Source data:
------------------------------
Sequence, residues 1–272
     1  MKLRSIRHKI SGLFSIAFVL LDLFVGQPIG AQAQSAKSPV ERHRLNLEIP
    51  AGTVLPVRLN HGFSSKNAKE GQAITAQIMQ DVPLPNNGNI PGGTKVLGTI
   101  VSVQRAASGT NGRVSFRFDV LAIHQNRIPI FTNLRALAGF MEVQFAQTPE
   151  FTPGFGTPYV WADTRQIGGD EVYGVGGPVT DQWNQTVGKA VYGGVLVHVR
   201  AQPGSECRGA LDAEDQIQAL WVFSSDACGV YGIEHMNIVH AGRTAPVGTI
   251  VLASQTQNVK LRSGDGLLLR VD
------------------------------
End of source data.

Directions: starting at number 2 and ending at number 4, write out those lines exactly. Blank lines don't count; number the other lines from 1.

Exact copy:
     1  MKLRSIRHKI SGLFSIAFVL LDLFVGQPIG AQAQSAKSPV ERHRLNLEIP
    51  AGTVLPVRLN HGFSSKNAKE GQAITAQIMQ DVPLPNNGNI PGGTKVLGTI
   101  VSVQRAASGT NGRVSFRFDV LAIHQNRIPI FTNLRALAGF MEVQFAQTPE